Scottish Government should consider Code of Practice on snaring, says Scottish Natural Heritage

Written by Liam Kirkaldy on 15 March 2017 in News

But the Scottish Greens back calls from the League Against Cruel Sports Scotland and OneKind for an outright ban on snares

Fox - photo credit: Pixabay

A new report from Scottish Natural Heritage has recommended the Scottish Government consider how a code of practice on snaring can be better endorsed through legislation.

The report, which found that snaring related incidents have reduced, also recommends implementing a time period for updating snare records and reducing the time allowed for producing records to the police, introducing the power of disqualification for a snaring offence, and enlarging the noose size on fox snares.

Cabinet Secretary for the Environment, Climate Change and Land Reform Roseanna Cunningham promised the Scottish Government will consider the proposed changes to legislation and ask Scottish Natural Heritage to take forward work to revise the code of practice in line with the recommendations in the review.


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But the Scottish Greens questioned the recommendations, with the party backing calls from the League Against Cruel Sports Scotland and OneKind for an outright ban on snares.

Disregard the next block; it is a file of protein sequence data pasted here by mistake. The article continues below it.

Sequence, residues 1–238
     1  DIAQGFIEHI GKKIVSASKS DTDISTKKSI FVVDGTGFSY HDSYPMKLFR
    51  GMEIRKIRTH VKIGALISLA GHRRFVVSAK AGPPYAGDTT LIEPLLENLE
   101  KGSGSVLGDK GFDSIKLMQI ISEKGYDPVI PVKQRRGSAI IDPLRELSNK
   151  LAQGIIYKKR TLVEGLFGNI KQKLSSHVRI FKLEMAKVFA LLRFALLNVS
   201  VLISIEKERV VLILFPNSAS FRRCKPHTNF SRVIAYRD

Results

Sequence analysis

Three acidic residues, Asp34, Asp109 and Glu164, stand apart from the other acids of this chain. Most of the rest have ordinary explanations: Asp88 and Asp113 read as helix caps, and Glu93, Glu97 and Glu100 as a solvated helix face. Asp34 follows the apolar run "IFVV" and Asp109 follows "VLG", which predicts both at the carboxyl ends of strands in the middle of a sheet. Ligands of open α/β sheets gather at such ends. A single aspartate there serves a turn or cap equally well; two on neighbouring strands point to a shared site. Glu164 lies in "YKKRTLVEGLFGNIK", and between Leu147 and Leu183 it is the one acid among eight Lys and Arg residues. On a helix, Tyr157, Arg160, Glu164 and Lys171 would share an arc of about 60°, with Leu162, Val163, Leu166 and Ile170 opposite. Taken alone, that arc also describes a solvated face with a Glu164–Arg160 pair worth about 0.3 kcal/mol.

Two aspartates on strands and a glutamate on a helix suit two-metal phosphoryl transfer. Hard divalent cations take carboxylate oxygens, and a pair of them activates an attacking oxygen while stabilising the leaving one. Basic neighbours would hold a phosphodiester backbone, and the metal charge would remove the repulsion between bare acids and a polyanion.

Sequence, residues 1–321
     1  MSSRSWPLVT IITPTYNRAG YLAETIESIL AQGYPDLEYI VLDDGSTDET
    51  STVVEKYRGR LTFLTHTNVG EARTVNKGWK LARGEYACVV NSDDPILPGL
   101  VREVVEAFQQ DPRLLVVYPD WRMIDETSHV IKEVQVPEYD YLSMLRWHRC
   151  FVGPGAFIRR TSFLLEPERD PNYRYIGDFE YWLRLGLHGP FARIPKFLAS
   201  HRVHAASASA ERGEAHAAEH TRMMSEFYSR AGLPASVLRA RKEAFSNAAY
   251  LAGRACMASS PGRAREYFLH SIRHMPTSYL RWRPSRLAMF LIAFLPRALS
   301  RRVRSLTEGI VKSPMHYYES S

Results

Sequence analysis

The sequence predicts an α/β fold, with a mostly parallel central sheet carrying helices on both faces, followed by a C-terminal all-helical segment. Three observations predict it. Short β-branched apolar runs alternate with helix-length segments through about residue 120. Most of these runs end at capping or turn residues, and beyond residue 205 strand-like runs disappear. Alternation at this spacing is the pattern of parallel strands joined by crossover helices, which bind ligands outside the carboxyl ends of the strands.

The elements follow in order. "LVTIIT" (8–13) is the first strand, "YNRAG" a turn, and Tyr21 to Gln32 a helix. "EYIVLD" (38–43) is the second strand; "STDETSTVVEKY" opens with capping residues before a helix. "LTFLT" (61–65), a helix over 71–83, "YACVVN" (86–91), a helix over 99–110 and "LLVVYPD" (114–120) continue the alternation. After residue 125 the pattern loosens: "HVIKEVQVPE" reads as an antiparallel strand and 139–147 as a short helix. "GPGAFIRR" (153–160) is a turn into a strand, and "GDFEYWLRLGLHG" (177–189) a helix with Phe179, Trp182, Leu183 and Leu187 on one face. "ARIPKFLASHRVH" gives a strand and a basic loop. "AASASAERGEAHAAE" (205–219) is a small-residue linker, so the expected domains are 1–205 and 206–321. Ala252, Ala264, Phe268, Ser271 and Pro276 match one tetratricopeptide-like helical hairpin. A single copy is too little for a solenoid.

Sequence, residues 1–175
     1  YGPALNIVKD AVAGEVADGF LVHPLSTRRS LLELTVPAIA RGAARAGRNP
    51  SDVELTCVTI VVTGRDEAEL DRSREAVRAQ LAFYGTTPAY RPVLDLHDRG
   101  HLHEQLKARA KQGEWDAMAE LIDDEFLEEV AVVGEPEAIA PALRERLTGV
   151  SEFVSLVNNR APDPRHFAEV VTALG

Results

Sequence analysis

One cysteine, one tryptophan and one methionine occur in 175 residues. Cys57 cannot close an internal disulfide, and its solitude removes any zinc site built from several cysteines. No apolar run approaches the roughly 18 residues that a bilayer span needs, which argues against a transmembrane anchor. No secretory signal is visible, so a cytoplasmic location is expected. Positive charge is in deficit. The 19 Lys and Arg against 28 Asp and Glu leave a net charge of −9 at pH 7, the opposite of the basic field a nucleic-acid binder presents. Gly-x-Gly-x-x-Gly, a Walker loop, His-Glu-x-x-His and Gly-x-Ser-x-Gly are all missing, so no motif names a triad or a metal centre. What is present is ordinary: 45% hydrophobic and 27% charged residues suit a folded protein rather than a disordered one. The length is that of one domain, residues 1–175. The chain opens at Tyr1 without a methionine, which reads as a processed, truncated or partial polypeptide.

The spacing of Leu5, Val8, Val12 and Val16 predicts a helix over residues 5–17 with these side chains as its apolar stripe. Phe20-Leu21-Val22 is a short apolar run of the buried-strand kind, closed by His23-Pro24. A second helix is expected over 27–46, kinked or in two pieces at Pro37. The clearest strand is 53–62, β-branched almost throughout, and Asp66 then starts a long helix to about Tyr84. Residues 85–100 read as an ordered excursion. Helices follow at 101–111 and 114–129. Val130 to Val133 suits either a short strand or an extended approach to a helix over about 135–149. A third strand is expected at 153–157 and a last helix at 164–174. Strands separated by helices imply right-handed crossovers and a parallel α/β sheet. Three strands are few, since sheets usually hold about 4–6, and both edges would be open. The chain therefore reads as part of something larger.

Green MSP Mark Ruskell said: “This review does nothing other than maintain outdated and inhumane traditions. We need to be moving from a regulatory regime to an outright ban in the interests of animal welfare.

“Today's response from Scottish Ministers appears to be yet another decision where they have listening more to organisations that want to persecute animals than those who have their welfare at heart."

Alison Johnstone MSP, vice-convener of Holyrood's cross-party group on animal welfare, added: “Snaring causes indiscriminate killing and is hard to monitor. Banning it outright would mean no need for this flawed and barbaric practice. Scottish Ministers must rethink their response.”

Cunningham said: “The review has highlighted that the legislative changes made to snaring regulations in 2011 appear to be working satisfactorily. However, I recognise there is room for further improvement in line with the findings of the review.”

Robbie Marsland, Director of the League Against Cruel Sports, Scotland said: “Since the snaring regulations were introduced over five years ago animals have continued to endure needless suffering as a result of cruel and indiscriminate traps. This review was never going to resolve the problem, it was, sadly, a wasted opportunity.  Regulations are not a workable solution for something as crude and barbaric as a snare. In short, you can't regulate cruelty.

“We have long argued that a ban is the only way to eradicate the problems associated with snaring. We will now step up our campaign to convince the Scottish Government to take the common sense approach and ban the manufacture, sale, possession and use of all snares once and for all.”



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